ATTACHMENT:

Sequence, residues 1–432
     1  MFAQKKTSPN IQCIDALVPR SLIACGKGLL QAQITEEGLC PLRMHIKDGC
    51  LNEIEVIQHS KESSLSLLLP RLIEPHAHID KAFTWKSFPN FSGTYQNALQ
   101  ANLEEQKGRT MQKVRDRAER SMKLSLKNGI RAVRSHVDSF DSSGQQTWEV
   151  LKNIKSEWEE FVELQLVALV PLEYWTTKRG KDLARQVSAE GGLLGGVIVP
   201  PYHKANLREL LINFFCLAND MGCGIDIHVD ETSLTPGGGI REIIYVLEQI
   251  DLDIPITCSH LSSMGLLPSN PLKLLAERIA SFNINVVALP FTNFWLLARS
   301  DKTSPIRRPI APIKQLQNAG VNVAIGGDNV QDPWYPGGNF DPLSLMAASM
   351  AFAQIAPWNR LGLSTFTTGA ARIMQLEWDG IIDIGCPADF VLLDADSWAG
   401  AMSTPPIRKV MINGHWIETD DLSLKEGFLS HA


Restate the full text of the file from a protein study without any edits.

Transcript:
Sequence, residues 1–432
     1  MFAQKKTSPN IQCIDALVPR SLIACGKGLL QAQITEEGLC PLRMHIKDGC
    51  LNEIEVIQHS KESSLSLLLP RLIEPHAHID KAFTWKSFPN FSGTYQNALQ
   101  ANLEEQKGRT MQKVRDRAER SMKLSLKNGI RAVRSHVDSF DSSGQQTWEV
   151  LKNIKSEWEE FVELQLVALV PLEYWTTKRG KDLARQVSAE GGLLGGVIVP
   201  PYHKANLREL LINFFCLAND MGCGIDIHVD ETSLTPGGGI REIIYVLEQI
   251  DLDIPITCSH LSSMGLLPSN PLKLLAERIA SFNINVVALP FTNFWLLARS
   301  DKTSPIRRPI APIKQLQNAG VNVAIGGDNV QDPWYPGGNF DPLSLMAASM
   351  AFAQIAPWNR LGLSTFTTGA ARIMQLEWDG IIDIGCPADF VLLDADSWAG
   401  AMSTPPIRKV MINGHWIETD DLSLKEGFLS HA